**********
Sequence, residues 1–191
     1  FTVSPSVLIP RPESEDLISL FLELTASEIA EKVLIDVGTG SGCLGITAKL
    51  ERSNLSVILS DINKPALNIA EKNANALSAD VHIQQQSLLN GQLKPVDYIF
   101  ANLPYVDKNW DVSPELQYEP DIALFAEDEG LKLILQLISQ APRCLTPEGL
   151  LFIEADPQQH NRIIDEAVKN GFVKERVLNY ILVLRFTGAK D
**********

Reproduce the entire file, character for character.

Sequence, residues 1–191
     1  FTVSPSVLIP RPESEDLISL FLELTASEIA EKVLIDVGTG SGCLGITAKL
    51  ERSNLSVILS DINKPALNIA EKNANALSAD VHIQQQSLLN GQLKPVDYIF
   101  ANLPYVDKNW DVSPELQYEP DIALFAEDEG LKLILQLISQ APRCLTPEGL
   151  LFIEADPQQH NRIIDEAVKN GFVKERVLNY ILVLRFTGAK D